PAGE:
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2021-06-25 12:41:09MoneyEnglishA sales forecast helps a business estimate its future sales and cash inflows and plan accordingly. Learn how to create a sales forecast in...https://quickbooks.intuit.com/au/resources/au_qrc/uploads/2021/06/sales-forecast-header.jpghttps://quickbooks.intuit.com/au/resources/money/sales-forecast/What is a sales forecast? How to create accurate sales forecasts | QuickBooks

Sales forecasting: what it is and how to create accurate sales forecasts

14 min read

How much will your business sell next month? What about next quarter? Or next year?

If you’re scratching your head right now, we get it. It’s tough to predict the future, but a sales forecast can help you get a handle on your upcoming sales revenue so that you can make informed and strategic decisions.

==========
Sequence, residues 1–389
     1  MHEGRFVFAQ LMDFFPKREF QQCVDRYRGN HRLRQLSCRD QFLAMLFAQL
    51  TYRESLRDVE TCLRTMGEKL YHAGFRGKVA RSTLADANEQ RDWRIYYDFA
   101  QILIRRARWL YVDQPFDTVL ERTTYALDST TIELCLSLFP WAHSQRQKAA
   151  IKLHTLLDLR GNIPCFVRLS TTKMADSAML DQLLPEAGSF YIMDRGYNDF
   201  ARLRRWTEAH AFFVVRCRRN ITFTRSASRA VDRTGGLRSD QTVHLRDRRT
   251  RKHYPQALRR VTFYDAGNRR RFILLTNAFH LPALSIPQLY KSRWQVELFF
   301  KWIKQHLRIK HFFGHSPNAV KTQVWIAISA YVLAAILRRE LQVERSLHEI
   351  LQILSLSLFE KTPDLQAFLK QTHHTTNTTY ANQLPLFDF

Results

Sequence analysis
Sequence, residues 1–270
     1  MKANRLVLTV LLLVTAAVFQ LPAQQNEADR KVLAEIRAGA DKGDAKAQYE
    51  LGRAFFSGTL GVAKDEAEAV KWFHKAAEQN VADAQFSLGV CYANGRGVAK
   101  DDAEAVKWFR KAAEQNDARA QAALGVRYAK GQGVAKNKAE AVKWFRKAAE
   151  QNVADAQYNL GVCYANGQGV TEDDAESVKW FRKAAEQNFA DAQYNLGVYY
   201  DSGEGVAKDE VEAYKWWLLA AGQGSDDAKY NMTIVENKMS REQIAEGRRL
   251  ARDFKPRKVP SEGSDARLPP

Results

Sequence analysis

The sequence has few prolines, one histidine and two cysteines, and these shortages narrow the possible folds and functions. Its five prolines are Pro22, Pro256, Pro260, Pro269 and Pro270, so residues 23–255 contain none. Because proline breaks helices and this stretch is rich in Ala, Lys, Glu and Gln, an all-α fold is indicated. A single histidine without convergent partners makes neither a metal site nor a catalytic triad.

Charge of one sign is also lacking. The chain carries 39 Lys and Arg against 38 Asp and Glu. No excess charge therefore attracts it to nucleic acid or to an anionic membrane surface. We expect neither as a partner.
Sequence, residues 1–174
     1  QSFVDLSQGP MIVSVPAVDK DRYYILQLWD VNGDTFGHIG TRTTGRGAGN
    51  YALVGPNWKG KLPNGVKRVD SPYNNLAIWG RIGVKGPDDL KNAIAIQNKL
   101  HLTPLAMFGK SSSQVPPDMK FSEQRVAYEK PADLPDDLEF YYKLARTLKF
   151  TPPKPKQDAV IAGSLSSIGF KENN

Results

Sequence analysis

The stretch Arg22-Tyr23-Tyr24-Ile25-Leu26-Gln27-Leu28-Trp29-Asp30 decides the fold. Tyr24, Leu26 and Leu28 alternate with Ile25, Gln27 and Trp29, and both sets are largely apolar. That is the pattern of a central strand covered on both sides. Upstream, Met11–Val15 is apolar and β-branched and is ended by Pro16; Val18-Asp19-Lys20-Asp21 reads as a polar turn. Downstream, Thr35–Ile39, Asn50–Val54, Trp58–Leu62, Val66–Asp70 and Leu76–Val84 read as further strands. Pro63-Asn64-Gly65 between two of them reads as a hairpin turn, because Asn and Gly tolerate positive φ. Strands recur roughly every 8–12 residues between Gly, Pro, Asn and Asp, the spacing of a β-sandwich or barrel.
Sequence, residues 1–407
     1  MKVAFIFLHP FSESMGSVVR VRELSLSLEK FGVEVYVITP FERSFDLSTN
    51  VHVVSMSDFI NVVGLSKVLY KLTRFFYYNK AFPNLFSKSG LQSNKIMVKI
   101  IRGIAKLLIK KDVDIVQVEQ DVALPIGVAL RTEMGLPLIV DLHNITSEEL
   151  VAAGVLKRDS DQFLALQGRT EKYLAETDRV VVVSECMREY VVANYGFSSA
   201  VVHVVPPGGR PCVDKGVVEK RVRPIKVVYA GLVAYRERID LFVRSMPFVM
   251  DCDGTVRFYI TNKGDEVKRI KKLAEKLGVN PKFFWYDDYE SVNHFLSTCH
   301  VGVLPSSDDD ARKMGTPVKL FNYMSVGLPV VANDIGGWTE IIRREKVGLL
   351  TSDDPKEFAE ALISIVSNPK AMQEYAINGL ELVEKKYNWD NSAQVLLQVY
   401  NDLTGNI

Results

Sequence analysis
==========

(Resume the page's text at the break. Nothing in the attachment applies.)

Sounds too good to be true? It’s not. Here’s what you need to know to estimate your future sales—without throwing a dart at a board.

What is a sales forecast?

A sales forecast is an estimate of what your business’s future sales will be. You’ll use sales data or other methods to make educated guesses about your future sales revenue. Sales forecasting can happen on a monthly, quarterly, biannual or annual basis.

Objectives of sales forecasting

If a sales forecast is nothing more than a best guess, why bother? Understanding your sales cycle, sales process and sales pipeline will help you make smarter business decisions when it comes to:

  • Managing your inventory and supply chain
  • Planning for growth or shrinkage
  • Monitoring cash flow.

The overall objective of sales forecasting is to keep your business operations running smoothly, which is tough to do if you don’t know where you’re headed.